Wednesday, March 22, 2006

Late Review: Failure to Launch

Failure to Launch
Director: Tom Dey
Screenplay by Tom J. Astle and Matt Ember
Paramount Pictures

Yes, it's a waste of time to watch and review Failure to Launch. The romantic comedy, of all the genres, has exhausted every angle in telling the story of two people meeting and falling in love, breaking up over something stupid, and getting back together again for the happy ending. You want to see the romantic comedy that has endured the test of time and still would be refreshing today, it's Annie Hall. Lately, the only romantic comedies that have actually soared at the box office are the ones where the writers have put in an oddball premise--Hitch, the awful How to Lose a Guy in 10 Days, and this picture have something in common--they've made love a marketable commodity. Hitch is a love doctor, helping men who could never score with hot women do so, while falling in love himself, in How to Lose... Kate Hudson is a magazine writer involving herself in a relationship to get a story, and in this, Sarah Jessica Parker is a woman whose business is getting men who haven't left their parents to fly from home.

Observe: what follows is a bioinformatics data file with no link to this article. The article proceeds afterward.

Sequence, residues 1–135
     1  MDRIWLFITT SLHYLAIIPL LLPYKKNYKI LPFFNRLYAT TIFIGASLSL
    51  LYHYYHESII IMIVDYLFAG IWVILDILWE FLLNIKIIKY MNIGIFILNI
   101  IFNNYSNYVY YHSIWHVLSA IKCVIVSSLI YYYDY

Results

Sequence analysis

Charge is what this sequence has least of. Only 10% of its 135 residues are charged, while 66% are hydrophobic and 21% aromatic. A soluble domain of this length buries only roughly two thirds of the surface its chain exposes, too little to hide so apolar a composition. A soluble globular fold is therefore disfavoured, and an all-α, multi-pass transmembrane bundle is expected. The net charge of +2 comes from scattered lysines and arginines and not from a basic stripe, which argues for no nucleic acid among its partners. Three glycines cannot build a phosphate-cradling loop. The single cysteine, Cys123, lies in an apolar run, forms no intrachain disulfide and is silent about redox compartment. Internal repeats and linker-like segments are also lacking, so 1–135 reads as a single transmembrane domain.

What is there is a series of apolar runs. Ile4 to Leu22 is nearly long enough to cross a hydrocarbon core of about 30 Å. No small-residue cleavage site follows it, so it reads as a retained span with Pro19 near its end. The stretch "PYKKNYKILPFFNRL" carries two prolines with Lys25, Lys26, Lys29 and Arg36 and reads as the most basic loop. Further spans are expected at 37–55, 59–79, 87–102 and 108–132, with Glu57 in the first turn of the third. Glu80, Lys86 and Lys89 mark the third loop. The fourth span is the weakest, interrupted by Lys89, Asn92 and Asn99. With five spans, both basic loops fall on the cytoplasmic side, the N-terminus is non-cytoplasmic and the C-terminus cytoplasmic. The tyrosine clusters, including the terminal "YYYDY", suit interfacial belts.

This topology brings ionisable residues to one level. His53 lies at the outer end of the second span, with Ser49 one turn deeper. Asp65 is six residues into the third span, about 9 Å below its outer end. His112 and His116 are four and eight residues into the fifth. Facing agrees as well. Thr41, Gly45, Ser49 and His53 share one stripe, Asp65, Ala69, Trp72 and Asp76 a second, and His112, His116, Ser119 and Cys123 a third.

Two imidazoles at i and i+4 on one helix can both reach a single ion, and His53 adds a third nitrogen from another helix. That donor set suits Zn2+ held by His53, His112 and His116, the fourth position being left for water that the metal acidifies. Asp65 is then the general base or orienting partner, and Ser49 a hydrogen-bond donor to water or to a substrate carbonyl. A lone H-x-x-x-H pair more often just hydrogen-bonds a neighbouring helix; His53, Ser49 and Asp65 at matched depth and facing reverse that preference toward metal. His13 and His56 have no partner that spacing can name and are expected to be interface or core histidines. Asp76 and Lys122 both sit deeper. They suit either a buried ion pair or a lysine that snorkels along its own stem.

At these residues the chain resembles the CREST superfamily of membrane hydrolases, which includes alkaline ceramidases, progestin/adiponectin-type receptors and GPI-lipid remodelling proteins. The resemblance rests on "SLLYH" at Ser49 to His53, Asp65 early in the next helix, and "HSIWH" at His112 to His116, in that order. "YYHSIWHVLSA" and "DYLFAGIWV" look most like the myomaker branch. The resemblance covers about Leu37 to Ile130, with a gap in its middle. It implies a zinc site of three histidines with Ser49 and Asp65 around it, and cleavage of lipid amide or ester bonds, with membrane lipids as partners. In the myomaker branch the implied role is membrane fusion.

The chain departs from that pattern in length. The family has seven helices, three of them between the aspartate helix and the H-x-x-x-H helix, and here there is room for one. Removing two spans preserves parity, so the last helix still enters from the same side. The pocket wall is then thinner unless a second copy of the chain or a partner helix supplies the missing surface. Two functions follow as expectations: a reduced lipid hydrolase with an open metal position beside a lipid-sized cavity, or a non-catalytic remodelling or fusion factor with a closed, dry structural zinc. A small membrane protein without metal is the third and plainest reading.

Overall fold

Yes, of course, even though this is just a business to Paula (Parker), she's never met anyone as dreamy as Tripp (Matthew McConaughey) in this line of work. And so, just like all romances based on false pretenses, real love grows, and will eventually cause the stupid breakup later when the truth is revealed. Luckily, they've got friends!

The romantic comedy is (sorry, Jonathan) the Chicago Cubs of Hollywood. There is no reason to change the formula, or try anything different, because its core audience will always go watch the product. Seriously, have you ever heard a big fan of this genre watch one of these movies and say, "Wow, that was really terrible!" No, you haven't, because to say one is terrible is to say all of them are terrible. The romantic comedy merely finds two stars who haven't mated on screen before, lumps them into a patchwork script, and sells it as brand new. If this movie had any balls, it would have focused on the relationship between Zooey Deschanel's character Kit (friend of Paula) and Justin Bartha's Ace (friend of Tripp's). That's where true comedic gold lies, but here, it's just a scene or two for a cheap laugh. But is the average romantic comedy lover going to go watch a Deschanel/Bartha vehicle? Of course they aren't. You need stars. But you see funnier movies in the subplots of these things, and it's always a missed opportunity.


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